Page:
Is this an 18th century Canaletto or 21st century reality? Believe it or not this is the view down to Mumbai’s 78-foot tall Gateway of India, built 1911 to commemorate the visit of the Royal Family, in the form of King George V and Queen Mary. It was taken with the gal’s telephone from bedroom 651 of the Taj Mahal Palace…
Oh what an arrival at this iconic hotel, vintage 1903 so older than the Gateway. The traffic around is one-way and somewhat chaotic at the best of times. At weekends, with the hubbub and comings and goings of elaborate open-topped horse-drawn carriages taking tourists, most from all over India but some from overseas, on a carefully-set and surprisingly short route, it is more chaotic than ever.
But the trusty driver nosed the Jaguar in, and at the bottom of the hotel’s steps a doorman waited, wearing black. The following day, somewhat surprisingly, he wore cream.
But the venerable lady that is this superb luxury Leading Hotel has constantly surprised. She bounced back after the tragic happenings of November 2008, and she has been better, and younger, ever since.
As you walk through the lobby now it is a hubbub of people. There are hotel guests, and local passers-by and tourists galore, and dozens of alert staff. The female employees are in exquisite saris specially woven in Sarai Mohana, a village Taj supports 14 miles from Varanasi.
I went to visit a couple of years ago, and then was taken to a ceremonial Aarti on the river Ganges. After that a venerable sage told my fortune. I will be around for a ‘long time’, my ultra-lucky dates are 29 November 2013, 5 October 2014, 7 December 2015 and 18 July 2017 and the best colour for me is black, especially Saturday but not on a Sunday.
Anyway it is Saturday, and, wearing black, with a black and white jacket, I am escorted as if I am a queen, or perhaps wife of a president, through the crowds. Looking into a mirror I see some of the locals reflected.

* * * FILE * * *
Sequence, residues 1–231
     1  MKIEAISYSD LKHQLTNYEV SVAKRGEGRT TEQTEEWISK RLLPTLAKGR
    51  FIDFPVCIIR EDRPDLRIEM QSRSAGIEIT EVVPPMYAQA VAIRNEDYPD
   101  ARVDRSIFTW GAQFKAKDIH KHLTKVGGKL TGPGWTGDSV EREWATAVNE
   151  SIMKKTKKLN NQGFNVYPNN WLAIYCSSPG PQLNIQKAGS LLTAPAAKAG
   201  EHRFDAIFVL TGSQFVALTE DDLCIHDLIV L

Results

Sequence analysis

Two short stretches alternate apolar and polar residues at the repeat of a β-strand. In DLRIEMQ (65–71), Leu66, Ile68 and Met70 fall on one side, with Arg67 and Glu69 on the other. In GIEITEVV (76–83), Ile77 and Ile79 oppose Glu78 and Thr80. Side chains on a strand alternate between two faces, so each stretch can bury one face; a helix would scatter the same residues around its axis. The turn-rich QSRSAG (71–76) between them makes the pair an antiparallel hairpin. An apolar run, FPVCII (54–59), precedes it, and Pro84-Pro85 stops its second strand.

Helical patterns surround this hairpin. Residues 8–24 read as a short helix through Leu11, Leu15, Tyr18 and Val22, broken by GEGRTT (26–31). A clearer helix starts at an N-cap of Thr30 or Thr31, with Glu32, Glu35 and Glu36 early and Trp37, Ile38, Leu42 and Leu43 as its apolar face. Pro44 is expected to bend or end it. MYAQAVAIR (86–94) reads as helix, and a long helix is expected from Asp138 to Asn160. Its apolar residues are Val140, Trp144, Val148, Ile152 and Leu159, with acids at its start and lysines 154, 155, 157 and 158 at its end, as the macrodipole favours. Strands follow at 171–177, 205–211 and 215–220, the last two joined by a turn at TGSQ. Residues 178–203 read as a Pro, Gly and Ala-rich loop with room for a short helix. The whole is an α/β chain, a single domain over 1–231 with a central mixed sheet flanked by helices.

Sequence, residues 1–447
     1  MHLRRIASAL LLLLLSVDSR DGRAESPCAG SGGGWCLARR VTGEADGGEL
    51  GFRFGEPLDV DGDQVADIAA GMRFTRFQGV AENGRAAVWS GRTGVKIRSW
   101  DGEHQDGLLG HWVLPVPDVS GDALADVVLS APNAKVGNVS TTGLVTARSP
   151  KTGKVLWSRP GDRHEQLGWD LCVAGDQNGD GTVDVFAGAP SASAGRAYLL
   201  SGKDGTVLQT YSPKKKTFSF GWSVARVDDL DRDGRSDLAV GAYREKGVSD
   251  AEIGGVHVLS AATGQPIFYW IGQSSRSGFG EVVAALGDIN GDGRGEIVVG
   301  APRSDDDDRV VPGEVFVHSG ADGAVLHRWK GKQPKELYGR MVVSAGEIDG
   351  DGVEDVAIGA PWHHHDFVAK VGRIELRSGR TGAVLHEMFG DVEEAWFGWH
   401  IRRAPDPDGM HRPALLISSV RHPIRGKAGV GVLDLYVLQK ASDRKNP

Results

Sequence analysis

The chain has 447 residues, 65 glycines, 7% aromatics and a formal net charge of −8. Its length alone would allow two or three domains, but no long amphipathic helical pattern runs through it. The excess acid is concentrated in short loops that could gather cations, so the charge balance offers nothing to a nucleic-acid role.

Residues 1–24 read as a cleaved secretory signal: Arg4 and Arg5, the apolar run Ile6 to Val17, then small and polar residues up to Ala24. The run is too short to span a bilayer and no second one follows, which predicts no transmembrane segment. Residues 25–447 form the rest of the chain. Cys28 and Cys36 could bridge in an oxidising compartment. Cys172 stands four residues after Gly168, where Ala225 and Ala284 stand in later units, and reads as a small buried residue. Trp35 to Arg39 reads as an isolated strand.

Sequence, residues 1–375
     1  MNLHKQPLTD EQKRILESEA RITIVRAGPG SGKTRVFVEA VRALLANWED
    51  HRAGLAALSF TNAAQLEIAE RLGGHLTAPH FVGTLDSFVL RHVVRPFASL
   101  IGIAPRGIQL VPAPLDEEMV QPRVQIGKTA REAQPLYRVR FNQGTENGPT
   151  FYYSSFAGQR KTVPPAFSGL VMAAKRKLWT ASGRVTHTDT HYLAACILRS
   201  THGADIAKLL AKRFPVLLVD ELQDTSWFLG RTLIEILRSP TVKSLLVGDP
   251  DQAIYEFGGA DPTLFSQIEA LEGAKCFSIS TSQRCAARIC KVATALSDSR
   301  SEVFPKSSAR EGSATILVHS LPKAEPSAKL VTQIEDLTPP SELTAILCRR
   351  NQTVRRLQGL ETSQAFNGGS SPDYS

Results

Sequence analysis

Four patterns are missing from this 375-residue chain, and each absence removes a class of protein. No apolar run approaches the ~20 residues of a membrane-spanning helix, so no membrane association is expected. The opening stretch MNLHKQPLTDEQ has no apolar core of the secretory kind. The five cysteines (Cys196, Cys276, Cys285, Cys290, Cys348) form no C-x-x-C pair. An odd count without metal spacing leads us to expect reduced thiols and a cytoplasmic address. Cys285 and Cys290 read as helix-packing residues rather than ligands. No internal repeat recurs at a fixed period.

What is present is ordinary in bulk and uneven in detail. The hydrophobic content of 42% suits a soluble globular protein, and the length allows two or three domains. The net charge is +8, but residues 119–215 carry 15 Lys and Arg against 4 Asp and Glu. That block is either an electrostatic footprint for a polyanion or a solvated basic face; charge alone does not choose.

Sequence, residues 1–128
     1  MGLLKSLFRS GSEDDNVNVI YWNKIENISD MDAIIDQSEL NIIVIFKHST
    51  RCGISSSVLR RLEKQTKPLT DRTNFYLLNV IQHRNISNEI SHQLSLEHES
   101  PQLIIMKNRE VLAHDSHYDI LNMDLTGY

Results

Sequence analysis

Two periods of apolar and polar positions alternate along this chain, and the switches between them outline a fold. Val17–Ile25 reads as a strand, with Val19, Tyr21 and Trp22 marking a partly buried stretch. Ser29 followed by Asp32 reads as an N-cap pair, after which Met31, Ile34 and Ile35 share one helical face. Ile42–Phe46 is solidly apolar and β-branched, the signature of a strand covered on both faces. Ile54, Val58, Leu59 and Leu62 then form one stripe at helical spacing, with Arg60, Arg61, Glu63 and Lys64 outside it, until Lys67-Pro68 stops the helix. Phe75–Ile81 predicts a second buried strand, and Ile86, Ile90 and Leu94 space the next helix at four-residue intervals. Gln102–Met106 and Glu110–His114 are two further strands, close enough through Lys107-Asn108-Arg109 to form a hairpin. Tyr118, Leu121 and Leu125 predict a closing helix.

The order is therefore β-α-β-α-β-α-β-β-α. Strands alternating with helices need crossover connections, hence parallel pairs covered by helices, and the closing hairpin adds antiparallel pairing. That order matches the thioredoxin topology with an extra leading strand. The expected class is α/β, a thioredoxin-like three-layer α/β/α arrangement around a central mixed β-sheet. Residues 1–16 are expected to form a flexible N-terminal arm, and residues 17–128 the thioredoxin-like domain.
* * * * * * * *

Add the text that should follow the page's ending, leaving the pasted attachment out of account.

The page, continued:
Up at 651, the Tata Suite, I am shown around. In the main bathroom, looking up into its tent-like mirrored ceiling, there are more reflections. Now as it happens I had stayed in 651 on 18 February 2002, before the troubles.
It still has eight-seat dining, two bedrooms and one gym – when Tom Cruise stayed just before me, this time, he wanted the equipment moved out and more weights and stretch bands put in. These days, the suite is a dance of light and brightness.
Some rooms have their tent-like ceilings formed of white-painted wood, others are papered with silver flowers on white. Some rooms have small cantilevered balconies, just big enough for two to sit in close comfort. All have windows that look down to the incredible view, of the crowds, the Gate and the Arabian Sea beyond.
Did Tom Cruise look out? And what about those other guests, President Nicolas Sarkozy and his wife Carla Bruni?
One can be sure she worked out and possibly, like me, eschewed the elevator in favour of the classic staircase that winds its way around the giant six-floor open atrium that has always been a feature of the Taj Mahal Palace. 176 steps down, and 176 steps back, and you feel good, and the guard who opens the security door at the second floor gives a knowing smile.
One crazy person, he is saying to himself. It is a funny thing staying in a place that has in the last few months not only welcomed a wellknown Christian Scientist and the self-styled saviour of the francophone world and his entertaining other half, but also no less a personage than President Obama.
A photo of him with Rajan Tata, soon to retire as Chairman of the mighty Tata Group, has pride of place in one of the museum vitrines in the main ground floor corridor. Tourists snap the pair while locals gaze in at the shops in this corridor mall.
There is Louis Vuitton, here is Ermenegildo Zegna, and Mont Blanc, and jewellery stores galore. And yet, apparently, 80 percent of these stores’ considerable revenue comes not from in-shop sales but trunk sales at home.
Let us invent Mrs Kumar, wife of an international trader who happens to have an exquisite home in the Bhandup area of town. She strikes up a professional relationship with the director of, say, the Taj’s Louis Vuitton store and invites her to bring some clothes over to her house one night.
Mrs Kumar invites her friends, and they buy, and buy, cash only. The Louis Vuitton person then staggers back to the hotel with, literally, cases of cash, and a big smile on her face. The gal hears the story, also with a big smile on her face – and more-than-staggers back home, up those 176 stairs.
On the way she passes the stone bust of the founder of the Taj Mahal Palace, Jamshedi Nusserwanji Tata, 1839-1904, a Zoroastrian and visionary who just lived to see the hotel, that he had commissioned six years before from architects W. Chambers and Sitaram Khanderao Vaidya, open.